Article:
The same place
3 July, 1918
Letter No. 63
My dear mother,
I intended to write this letter in ink but the stuff in my pen at present is too thick to use so I must my old "Venus" - should be quite lost without one of these.
I have had a holiday today! No parades whatever and no work; can you believe it? Reveille was at 8 o/c and breakfast at 9 o/c and after I had washed and completed the letter to Stan in time for the afternoon's collection, Stuart and I wandered down to the place where I am now and read magazines until 12.30 when dinner was ready. Thus we had a long afternoon in front of us and the weather being suited for walking, S & I decided to go on a fairly long stroll and try and find the river that flows about four miles from her and if possible to get a swim. Well, we hadn't gone more than a mile when the sun seemed to get rather hot despite the pleasant cool breeze and Stuart counseled a rest under the inviting shade of some trees. And, almost needless to say, we didn't get any further for Stuart fell asleep in no time and I got very interested in the book I was reading. You will say that we are getting old and lazy but we get so much tramping about as a rule and so little rest that it really made a change for us to spend the afternoon in this way. Before strolling back for tea we went over to the next village and bought some butter (margarine rations being short). Something went wrong with the grub today so we had a good tea by frying some eggs. I think I could eat "umpteen" eggs at a meal now; it is lucky that I can usually manage to get some occasionally. I must say that the cakes which you have sent are very enjoyable for lunch and also especially as a supplement to the bread ration when it is smaller than usual. I always save the cake for these occasions.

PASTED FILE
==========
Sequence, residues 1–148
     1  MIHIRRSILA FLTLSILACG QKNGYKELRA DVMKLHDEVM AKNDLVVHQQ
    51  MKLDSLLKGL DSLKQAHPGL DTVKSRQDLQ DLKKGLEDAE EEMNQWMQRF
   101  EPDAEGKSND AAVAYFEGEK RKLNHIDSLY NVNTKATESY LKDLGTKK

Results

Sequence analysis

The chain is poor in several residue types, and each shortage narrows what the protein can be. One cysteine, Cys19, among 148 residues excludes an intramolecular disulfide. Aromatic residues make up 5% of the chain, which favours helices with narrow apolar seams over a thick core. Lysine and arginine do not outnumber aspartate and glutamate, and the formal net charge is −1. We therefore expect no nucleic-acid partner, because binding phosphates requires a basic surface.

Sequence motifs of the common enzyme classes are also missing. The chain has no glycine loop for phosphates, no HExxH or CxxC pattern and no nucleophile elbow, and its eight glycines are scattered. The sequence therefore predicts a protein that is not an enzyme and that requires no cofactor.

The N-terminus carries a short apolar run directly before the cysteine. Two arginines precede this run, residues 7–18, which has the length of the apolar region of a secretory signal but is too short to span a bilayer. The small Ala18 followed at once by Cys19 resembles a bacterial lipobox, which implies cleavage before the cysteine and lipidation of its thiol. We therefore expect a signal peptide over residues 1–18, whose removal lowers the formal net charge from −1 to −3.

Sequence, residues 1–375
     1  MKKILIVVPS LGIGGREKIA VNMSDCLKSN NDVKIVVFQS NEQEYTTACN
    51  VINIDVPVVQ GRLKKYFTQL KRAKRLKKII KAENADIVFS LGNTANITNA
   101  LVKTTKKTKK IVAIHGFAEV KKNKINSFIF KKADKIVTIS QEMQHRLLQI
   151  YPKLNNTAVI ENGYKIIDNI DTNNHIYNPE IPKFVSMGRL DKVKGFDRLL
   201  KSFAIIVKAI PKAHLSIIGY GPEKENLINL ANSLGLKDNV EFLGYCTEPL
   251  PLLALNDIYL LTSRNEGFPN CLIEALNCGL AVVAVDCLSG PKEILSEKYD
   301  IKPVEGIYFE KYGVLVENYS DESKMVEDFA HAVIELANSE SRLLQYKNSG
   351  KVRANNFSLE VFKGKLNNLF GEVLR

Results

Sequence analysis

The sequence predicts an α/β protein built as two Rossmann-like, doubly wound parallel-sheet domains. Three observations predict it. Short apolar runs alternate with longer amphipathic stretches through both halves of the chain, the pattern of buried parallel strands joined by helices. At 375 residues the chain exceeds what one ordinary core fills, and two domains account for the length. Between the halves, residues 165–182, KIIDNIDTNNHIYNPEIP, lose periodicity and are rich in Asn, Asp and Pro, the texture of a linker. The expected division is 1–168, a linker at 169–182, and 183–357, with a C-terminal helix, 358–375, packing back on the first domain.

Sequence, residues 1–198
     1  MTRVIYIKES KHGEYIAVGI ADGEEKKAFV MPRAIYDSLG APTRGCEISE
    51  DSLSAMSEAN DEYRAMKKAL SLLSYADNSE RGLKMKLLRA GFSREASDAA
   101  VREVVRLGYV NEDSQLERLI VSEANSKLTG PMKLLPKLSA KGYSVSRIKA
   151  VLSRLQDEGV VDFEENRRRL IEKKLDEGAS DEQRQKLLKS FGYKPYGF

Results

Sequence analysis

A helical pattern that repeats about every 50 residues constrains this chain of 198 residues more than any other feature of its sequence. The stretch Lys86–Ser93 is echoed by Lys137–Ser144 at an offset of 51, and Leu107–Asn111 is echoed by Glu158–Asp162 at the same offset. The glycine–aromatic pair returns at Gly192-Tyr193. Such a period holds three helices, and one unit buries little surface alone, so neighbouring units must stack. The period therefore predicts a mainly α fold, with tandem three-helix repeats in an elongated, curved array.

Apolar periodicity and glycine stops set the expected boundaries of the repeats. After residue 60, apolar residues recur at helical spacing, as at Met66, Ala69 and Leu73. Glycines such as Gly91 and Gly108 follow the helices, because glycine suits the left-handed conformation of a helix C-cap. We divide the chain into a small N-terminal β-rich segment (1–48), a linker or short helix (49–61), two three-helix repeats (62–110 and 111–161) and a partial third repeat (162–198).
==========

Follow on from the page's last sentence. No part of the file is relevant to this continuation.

Since tea we have come down to the usual place to write our daily letters home and here we shall remain until supper time. I might explain that the reason for this holiday is on account of the Water Carnival which is taking place at a small town about six miles away; to enable those who wish to attend to do so. I did not go because the place would necessarily be crowded and I prefer the country to those old French towns.
Your nice letter written last Friday reached me at tea time today and as soon as I saw the familiar handwriting all that had to wait until I had read it. Letters only take three days to get home as a rule - they always leave here the day after I write them - which is quick. No letter reaches me under five days which is not too bad. Yes, I like the British Weekly very much and am pleased that you are sending it out.
The information Greenberg gave to Archie is quite correct. Weren't we pleased to see them arrive?!
I was sorry but not surprised to her of Uncle Tom's death. As you say it will completely break up their home. What a waste such an amount of our happiness is bound up and depends upon others? One scarcely realises this until our loved ones are taken away for a time.
Stuart tells me that his people have received 25 picture postcards from him; it would be interesting to know how many you have received.
Give my love to dear old Dad and the boys; also to Grandma and Cookey. Hope to be home before Archie gets out here again.
Now I must say tootle-loo for a little while,
With heaps of love and xxxxxxx
from Old Dinkey